• Eamon Knight

    I went to a number of funerals during my United Church years (I was in the choir, and we always tried to assemble a respectable chorus if the family requested it). One of the nice things I recall is that the memorials mostly talked about the life of the deceased, with little if any reference to the afterlife where they now presumably abode (which is typical of the diversity of belief, half-belief and unbelieving social religion to be found in the denomination).

    By the time my (agnostic) parents died, I was an atheist and had left church behind. I wrote and delivered both eulogies — because who knew them better than I? — basically organized around the question: What did they give to us? (Especially me, their only child). Their ashed are now scattered, some in their native England, and some in the wild country of the Lake Superior north shore.

  • Gordon

    I lost a grandparent before I was an atheist and another after. It was harder to accept the loss the first time. When you think the universe is run by magic then death is very hard to accept. And when you believe in an afterlife with more than one destination, you have to pretend that the others don’t exist.

    Grieving as an atheist meant knowing that my loved one was not suffering, a comfort theism could not offer.

  • John Moriarty

    sorry for your loss, have been there, soon to be again I fear. After many years of plain sailing through life, waters are stormier now. Grief normally takes time to work through, no short cut that I know of. All the best.

  • ctcss

    I think one’s thoughts or beliefs about death (and life) have a great deal to do with how one deals with the passing of a loved one. I’m a Christian, and I lost my dad a few years ago. I do miss him and wish that I had spent more time with him while he was still here. (Do we ever learn this lesson, I wonder?) But the particular teachings I was raised with don’t actually focus on the afterlife, just eternal life. In other words, whether one is still here or has passed on, the demands made on us are still the same. Life (at least as I was taught about it), is actually entirely spiritual and eternal, just as one’s relationship with God is entirely spiritual and eternal. (Psalm 139 gives some interesting thoughts on this, as does Jesus’ teachings about the kingdom of heaven being available to us right here and now.) Thus life never actually has a beginning, nor will it ever end. In fact, the human sense of life is simply another incorrect concept about life that needs to be put off and to be replaced with what it is that God knows about life. I am still learning more about God here and now, and after I pass, I will still be doing the same. (Ditto for my dad.) My experience may be altered, but until I put off all of mortality and ignorance regarding God, I will still need to continue on.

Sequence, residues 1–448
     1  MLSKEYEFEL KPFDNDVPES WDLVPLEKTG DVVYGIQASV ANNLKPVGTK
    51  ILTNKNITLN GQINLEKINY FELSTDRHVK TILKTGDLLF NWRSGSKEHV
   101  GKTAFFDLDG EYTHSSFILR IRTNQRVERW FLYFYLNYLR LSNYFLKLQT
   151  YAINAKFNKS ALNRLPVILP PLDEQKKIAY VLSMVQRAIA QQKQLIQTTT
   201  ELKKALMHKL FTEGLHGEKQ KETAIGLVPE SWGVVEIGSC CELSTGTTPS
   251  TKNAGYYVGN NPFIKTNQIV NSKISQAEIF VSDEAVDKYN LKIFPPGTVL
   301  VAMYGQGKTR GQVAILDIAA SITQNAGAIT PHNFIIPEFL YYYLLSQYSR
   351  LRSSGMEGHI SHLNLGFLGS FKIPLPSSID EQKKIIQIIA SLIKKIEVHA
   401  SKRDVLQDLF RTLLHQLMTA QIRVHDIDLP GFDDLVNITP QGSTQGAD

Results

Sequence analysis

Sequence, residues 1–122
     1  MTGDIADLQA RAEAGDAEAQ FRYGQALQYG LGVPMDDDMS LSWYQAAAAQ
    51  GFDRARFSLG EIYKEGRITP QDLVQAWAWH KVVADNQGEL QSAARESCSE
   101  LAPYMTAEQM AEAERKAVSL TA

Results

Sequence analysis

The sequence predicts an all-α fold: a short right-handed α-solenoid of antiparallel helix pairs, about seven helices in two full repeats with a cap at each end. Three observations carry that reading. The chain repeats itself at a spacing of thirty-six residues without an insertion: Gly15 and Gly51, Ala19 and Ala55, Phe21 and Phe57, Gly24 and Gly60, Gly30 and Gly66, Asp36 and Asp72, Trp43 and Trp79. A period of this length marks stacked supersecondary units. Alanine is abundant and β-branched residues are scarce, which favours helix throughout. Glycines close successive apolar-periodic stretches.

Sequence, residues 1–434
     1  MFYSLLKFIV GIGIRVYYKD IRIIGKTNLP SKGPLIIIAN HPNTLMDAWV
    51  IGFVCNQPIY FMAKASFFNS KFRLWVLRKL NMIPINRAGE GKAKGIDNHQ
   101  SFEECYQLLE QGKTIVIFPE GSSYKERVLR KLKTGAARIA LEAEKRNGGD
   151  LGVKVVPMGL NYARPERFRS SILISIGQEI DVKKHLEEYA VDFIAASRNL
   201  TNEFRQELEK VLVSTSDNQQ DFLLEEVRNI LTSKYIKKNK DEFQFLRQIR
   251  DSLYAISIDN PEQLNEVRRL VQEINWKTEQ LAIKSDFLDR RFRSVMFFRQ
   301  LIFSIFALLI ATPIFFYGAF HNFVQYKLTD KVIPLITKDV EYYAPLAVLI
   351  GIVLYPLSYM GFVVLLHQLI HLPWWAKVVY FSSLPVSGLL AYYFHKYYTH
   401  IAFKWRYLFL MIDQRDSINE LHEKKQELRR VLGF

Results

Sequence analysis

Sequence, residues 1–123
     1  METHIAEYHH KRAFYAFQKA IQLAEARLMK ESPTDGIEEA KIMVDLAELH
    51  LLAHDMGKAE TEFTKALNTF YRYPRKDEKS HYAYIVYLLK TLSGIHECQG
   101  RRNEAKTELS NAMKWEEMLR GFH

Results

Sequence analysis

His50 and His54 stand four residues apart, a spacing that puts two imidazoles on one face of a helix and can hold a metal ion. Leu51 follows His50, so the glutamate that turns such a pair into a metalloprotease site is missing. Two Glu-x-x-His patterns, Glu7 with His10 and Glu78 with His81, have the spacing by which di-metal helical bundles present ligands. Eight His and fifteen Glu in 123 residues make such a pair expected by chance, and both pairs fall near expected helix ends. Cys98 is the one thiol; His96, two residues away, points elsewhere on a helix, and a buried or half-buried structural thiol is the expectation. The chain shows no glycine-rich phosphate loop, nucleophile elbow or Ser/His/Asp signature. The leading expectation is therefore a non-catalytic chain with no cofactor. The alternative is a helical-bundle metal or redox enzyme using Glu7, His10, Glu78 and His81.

Thus, with such a concept regarding life, concepts like death appear rather differently since the experience of death doesn’t lead to paradise, doom, or non-existence anymore than leaving elementary school for middle school or middle school for high school (etc, etc), leads to paradise, doom, or non-existence. One simply continues on and continues to grow and to learn. The constant is one’s ongoing eternal and spiritual relationship with God. God’s relationship with us doesn’t change, but one’s understanding of their relationship with God should, as one learns more about God along the way.

    I realize this probably doesn’t sound like a typical Christian take on life and death, but I thought I would bring it up to show that it’s the concepts that one has about such things that affects how we feel about them. I am sorry for Greta’s loss, as I am for others losses. Losing someone close can hit a person hard. (I certainly didn’t enjoy losing my dad.) But that’s why I personally find it helpful to focus on one’s ongoing relationship God. The demand on me is to love God and to love others, and that demand is always a here-and-now one no matter where here-and-now finds me.